Hello Gantry, With spring and summer approaching, he may prefer something cool to the touch. Does he like to be elevated? If so, a cot type bed could be a great choice. If he doesn't like to be elevated, something like www.primopads.com crate mats (firmer foam cushion with cool vinyl cover, or one of k9ballistics crate pads may be worth looking into. Something a bit firmer and cooler is probably what I would look into for warmer months. You may find he changes his preferences too throughout the year as weather changes, and pup is wanting to lie close to wherever the people are though, so the soft bed could get more use in a few months again. Best of luck training, Caitlin Crittenden
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I have been with Cacao for a month and he's a great pup (already knows sit, down, both hands, high five, roll...) typical Aussie.
He sleeps with me and has never had a nighttime accident. I take him out when he wakes up and he pees and poops outside.
During the day I have trouble making him nap. I don't have a crate, sometimes he gets overtired and runs, bites, nips... I want to find a way to help him rest when he's tired :) would using a leash close to his bed help? Thanks!
Hello Ana, You can either use a crate, an exercise pen, or a chew proof tether near his bed. I only recommend tethering when you are home though. Check out something like Vir-Chew-Ly that's chew proof. At this age pup is also likely to chew their bed out of boredom, so make sure the bed is durable, like k9ballistic.com type beds where the stuffing isn't easily pulled out. Best of luck training, Caitlin Crittenden
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she has always been surrounded with other dogs and is used to sleeping upstairs in bed with me. i have just moved out of the family home and trying to train her to sleep downstairs in the kitchen using metal pen doors to stop her from escaping. She cries for a while and has figured out how to escape, she has also started barking during the night.
how do i train her to sleep downstairs on her own? I already put chew toys, treats, blankets with pack scent as well as my personal blanket which has my scent on and her favourite bed in their and say go night nights every night and give her a fuss in the mornings
Hello Gemma, First, I recommend spying on pup with a camera to see how they are escaping and securing that area better. Practice rewarding pup in that sleeping area during the day by returning to pup if they are calm and not scratching for a certain amount of time, by sprinkling treats into their area without letting them out, then leaving again. At first, reward for less time, then require pup to stay calm longer before you return as they improve. At night, use the baby gate also so they catch scratch the door. Either ignore pup at night or give a gentle correction, like a brief puff of air at their side with unscented air (not citronella, it's too harsh), calmly telling pup "ahah", then leave again. Only reward with food during the daytime practice so you don't keep pup awake hoping for food. If pup won't give you a break in the escape attempts during daytime practice too, you can also correct then, and reward after you correct and pup stays quiet for a couple of minutes, until the amount of time pup stays quiet extends and there are less times you need to correct. Reward similar to this method: Surprise method- https://wagwalking.com/training/like-a-crate Best of luck training, Caitlin Crittenden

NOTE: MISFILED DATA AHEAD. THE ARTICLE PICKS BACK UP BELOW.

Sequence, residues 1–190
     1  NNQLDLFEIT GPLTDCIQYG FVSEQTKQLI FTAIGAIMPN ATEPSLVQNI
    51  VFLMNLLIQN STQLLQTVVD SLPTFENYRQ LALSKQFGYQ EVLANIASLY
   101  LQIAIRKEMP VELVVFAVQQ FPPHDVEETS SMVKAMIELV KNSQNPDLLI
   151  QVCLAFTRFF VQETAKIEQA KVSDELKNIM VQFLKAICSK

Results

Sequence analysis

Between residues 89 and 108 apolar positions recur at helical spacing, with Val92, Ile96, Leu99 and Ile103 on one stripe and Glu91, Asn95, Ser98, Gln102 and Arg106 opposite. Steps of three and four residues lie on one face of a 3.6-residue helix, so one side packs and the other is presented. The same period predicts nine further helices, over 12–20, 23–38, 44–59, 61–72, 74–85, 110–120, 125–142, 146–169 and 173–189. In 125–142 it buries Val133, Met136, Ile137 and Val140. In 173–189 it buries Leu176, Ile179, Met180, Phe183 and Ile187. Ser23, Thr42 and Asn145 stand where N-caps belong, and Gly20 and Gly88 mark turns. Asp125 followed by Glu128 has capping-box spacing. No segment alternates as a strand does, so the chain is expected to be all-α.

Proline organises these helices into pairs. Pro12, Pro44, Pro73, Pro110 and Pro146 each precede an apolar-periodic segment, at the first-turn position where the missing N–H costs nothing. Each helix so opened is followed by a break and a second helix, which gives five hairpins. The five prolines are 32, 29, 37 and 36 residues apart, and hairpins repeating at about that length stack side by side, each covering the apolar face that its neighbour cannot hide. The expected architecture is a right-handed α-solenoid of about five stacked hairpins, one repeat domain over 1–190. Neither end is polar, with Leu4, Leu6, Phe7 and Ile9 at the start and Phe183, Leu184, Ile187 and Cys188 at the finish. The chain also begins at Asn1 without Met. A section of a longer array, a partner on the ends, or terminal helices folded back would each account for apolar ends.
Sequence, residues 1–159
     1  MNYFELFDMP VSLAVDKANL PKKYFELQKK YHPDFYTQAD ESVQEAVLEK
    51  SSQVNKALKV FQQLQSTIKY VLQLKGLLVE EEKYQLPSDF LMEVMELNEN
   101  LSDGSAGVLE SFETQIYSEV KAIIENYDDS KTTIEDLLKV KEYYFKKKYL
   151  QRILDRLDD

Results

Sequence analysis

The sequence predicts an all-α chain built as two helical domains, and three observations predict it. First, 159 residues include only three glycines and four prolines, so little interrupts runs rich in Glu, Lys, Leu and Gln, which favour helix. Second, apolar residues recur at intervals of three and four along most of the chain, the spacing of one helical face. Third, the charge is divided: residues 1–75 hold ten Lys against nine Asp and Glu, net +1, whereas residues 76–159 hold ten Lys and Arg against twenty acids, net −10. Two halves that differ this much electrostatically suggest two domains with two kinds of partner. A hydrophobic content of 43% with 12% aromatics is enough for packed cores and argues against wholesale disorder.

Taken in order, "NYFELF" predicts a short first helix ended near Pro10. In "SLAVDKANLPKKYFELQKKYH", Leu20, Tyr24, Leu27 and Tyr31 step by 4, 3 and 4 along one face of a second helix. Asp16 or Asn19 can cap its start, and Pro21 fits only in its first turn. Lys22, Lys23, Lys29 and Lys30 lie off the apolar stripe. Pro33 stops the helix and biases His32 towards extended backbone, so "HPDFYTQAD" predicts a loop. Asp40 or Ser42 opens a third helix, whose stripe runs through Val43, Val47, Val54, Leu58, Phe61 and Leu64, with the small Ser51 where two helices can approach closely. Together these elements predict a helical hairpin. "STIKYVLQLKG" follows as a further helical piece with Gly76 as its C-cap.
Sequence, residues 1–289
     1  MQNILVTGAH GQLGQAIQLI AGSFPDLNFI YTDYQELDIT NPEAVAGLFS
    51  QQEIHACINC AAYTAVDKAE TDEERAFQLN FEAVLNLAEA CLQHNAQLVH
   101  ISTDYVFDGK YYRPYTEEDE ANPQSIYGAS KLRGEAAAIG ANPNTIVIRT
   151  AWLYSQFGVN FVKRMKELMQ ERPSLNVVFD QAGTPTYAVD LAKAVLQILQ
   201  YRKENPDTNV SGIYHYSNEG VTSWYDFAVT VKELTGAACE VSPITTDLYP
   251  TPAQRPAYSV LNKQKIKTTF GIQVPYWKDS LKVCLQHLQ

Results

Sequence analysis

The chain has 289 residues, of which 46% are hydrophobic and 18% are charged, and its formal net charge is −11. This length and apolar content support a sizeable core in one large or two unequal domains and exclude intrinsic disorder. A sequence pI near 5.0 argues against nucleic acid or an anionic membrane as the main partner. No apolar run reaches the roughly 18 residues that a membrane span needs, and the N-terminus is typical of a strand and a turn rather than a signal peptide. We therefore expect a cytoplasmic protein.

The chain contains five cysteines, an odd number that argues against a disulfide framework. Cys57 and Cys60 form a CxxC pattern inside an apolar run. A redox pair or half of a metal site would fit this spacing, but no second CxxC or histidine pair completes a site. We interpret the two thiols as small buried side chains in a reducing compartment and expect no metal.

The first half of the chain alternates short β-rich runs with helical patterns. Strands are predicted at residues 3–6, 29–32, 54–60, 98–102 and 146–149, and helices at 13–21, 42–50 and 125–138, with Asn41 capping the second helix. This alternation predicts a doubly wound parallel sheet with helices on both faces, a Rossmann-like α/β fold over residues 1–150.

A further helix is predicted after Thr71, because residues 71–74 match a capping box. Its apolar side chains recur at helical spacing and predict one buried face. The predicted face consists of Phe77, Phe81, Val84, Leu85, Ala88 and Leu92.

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We just adopted a dog after her previous owner who we knew, passed away. She slept in bed with him. She has spent six weeks prior to us getting her, in a foster home, not sleeping in a bed. We tried putting her bed in our large walk-in closet next to our bedroom for the last few nights, but she is not happy in there. She scratches the door. I shook a can filled with coins outside the door saying "no". That works for awhile and she is back scratching. She is an angel during the day but nights are a problem. I am tempted to just let her roam the house at night so we can sleep, putting her bed outside our door. Our bedroom door is next to the lanai (we live in FL) where she goes outside, so I would hear her if she wanted to go outside during the night. Any help you can give us would be greatly appreciated!
Hello, Letting her wander the house at night depends a lot on your own preference for where she sleeps, whether she is destructive, how fully potty trained she is, and whether she would find a spot to settle down to sleep or her pacing keep you up. If you are personally fine with her being loose at night, and she is completely reliable with potty training and chewing during the day, you can certainly try it, and if she won't settle or gets into things, then you would know that that is not the best option for you. If you want pup to sleep in the closet at night, I would practice the Surprise method with her in there during the day, starting with shorter periods. I would correct any scratching with a calm "Ah Ah" and a brief puff of air from an unscented Pet Convincer - which sprays a little pressurized air out. Only aim at her side, avoid her face. You can also hold the canister further away to make it gentler, so its more of just the sound. You might also want to use a baby gate at the door way instead of closing the door, if that won't disturb your sleep at night. That way pup won't scratch the door while learning to be calmer while in there, and may feel more secure if they can see more. Having the door closed is fine too if that helps with sleep, it may just take pup more time to adjust to that. Surprise method: https://wagwalking.com/training/like-a-crate/ Practicing proactively for shorter periods during the day with treats also, can help pup understand better what they are supposed to be doing in there. Only use treats during the day though, not at night. At night simply correct very calmly. Also, do not use citronella air - only unscented. Citronella is too harsh. Best of luck training, Caitlin Crittenden